CSPH is proud to have worked with the Betsy Lehman Center on Patient Safety on this research about the impact of open communication for
patients and families who have experienced an adverse event. Their survey shows that people who were given information
and were offered a chance to talk and ask questions about the event openly with the care team or facility involved, were
significantly less likely to report long-term emotional harm. Learn more here.
For questions or additional materials, contact:
Michelle Woodward, Communications and Outreach Manager, Betsy Lehman Center
(617) 701-8141 l firstname.lastname@example.org
Though negative emotional impacts from medical errors can persist for years, open communication about those errors by health care providers is associated with significantly reduced feelings of sadness and depression on the part of patients and families. People are also less likely to avoid future health care encounters after an error when it is acknowledged by the health care team, according to a survey of Massachusetts residents published in BMJ Quality & Safety.
A 2018 survey by the Betsy Lehman Center for Patient Safety found that more than 20 percent of people who experienced a medical error 3 to 6 years ago still felt sad, anxious, angry, betrayed or abandoned, and over a third reported that they were avoiding medical care.
However, open communication about a medical error experience mitigated these emotional harms. People who were given information about the error and were offered a chance to talk and ask questions about the event openly with the care team or facility involved, were significantly less likely to report long-term emotional harm.
“Until now, we have lacked meaningful data about the long-term impact of communication on patients’ well-being or subsequent health-seeking behaviors.” says Julia Prentice, a co-author of the study and Research Director at the Betsy Lehman Center. “This research fills an important gap in knowledge about the effects of open communication after medical errors or adverse events.”
“Many of us in health care have witnessed the positive impact of open communication as a driving principle, and now we have data that underscores what providers can do to help alleviate emotional harm done to patients and their families,” says another of the study’s co-authors, Sigall Bell, Director of Patient Safety and Discovery at OpenNotes, Beth Israel Deaconess Medical Center and Associate Professor of Medicine at Harvard Medical School.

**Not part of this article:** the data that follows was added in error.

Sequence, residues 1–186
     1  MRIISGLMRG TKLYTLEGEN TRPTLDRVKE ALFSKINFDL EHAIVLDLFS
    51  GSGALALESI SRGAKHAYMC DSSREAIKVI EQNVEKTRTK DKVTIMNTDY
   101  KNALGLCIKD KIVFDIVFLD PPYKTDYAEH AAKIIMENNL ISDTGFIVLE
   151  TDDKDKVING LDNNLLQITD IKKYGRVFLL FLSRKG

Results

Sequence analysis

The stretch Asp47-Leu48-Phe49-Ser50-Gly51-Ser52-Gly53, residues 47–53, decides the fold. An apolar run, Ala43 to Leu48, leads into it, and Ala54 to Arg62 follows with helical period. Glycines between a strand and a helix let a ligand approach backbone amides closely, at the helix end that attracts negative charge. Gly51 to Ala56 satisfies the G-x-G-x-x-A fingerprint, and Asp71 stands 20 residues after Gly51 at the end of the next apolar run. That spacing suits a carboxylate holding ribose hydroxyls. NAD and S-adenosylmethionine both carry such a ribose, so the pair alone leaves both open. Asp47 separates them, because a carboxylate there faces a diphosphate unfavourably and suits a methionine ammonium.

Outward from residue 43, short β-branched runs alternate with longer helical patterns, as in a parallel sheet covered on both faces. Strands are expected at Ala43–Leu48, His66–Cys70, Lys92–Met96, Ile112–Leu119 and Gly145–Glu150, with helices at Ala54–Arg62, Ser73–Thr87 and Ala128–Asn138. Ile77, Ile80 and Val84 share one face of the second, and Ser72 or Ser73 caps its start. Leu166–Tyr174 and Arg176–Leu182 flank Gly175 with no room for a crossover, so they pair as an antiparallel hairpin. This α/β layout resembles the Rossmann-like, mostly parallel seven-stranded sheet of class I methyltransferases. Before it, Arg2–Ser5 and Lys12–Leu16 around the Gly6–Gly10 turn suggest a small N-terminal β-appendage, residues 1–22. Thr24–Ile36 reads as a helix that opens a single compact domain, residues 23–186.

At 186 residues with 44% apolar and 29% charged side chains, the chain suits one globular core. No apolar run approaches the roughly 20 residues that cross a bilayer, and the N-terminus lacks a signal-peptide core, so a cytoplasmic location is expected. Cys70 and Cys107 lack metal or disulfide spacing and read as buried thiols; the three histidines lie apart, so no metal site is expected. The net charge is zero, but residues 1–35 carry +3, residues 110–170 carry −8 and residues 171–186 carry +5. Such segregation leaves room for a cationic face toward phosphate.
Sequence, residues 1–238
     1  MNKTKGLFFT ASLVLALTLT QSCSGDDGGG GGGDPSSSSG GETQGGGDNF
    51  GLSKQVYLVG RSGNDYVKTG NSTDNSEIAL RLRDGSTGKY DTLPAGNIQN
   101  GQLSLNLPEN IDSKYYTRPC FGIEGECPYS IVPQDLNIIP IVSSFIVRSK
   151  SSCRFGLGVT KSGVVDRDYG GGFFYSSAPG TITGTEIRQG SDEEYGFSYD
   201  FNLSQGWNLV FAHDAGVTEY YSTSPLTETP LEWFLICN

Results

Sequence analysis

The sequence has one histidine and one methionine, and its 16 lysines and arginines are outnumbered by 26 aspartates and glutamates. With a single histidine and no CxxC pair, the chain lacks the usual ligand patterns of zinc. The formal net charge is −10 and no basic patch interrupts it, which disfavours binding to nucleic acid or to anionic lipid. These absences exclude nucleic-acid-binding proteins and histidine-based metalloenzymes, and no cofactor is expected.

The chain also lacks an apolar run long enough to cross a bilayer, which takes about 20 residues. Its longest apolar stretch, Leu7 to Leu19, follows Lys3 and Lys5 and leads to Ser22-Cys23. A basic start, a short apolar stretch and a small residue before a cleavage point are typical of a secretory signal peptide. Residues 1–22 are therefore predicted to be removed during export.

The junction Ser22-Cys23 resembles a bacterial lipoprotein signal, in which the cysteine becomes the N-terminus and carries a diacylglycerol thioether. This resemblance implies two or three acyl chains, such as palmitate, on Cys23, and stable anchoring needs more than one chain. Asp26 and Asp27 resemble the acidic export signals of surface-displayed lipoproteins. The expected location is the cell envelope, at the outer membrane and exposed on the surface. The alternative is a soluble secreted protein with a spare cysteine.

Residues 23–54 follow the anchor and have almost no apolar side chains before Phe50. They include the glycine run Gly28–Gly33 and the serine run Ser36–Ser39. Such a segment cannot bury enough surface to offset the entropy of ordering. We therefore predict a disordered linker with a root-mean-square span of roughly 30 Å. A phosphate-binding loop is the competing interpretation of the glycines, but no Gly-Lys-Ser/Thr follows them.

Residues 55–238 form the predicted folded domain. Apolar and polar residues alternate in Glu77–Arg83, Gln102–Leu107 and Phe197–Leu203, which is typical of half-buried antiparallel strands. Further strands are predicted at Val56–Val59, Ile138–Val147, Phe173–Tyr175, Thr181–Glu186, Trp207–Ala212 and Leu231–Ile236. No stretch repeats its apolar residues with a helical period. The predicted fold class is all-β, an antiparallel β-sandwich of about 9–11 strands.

Of greatest concern is the avoidance of medical care by patients or their family members after an error or adverse event. The survey found that 77 to 80 percent of respondents who received no communication about an adverse event avoided doctors and health care facilities involved in the error, but this dropped to 30 percent or less for those whose providers talked openly about what went wrong.
“This research shows patients and families are a valuable source of information on the quality and safety of health care in our state,” says Barbara Fain, Executive Director at the Betsy Lehman Center. “If there is one thing we can do today that would make a considerable difference for patients and families, it is to be more transparent and more supportive as they recover from the medical and emotional injuries they sustain.”
The article in BMJ Quality & Safety was written by Julia Prentice, PhD, research director at the Betsy Lehman Center; Sigall Bell, MD, Director of Patient Safety and Discovery at OpenNotes, Beth Israel Deaconess Medical Center and Associate Professor of Medicine at Harvard Medical School; Eric J. Thomas, MD, MPH, FACP, Director of the UTHealth – Memorial Hermann Center for Healthcare Quality and Safety; Eric C. Schneider, MD, Senior Vice President for Policy and Research at The Commonwealth Fund; Saul Weingart, MD, MPP, PhD, Chief Medical Officer at Tufts Medical Center and Professor of Medicine at Tufts University School of Medicine; Joel Weissman, PhD, Deputy Director, Chief Scientific Officer, Center for Surgery and Public Health at Brigham and Women’s Hospital; and Mark Schlesinger, PhD, Department Chair and Professor at Yale School of Public Health.
About the Betsy Lehman Center: The Betsy Lehman Center is a Massachusetts state agency that uses communications and research to catalyze the efforts of providers, policymakers, and the public working toward safer health care across the state. The Center is named for Betsy Lehman, a the Boston Globe health reporter and mother of two young children who died in 1994 from an overdose of chemotherapy during treatment for breast cancer.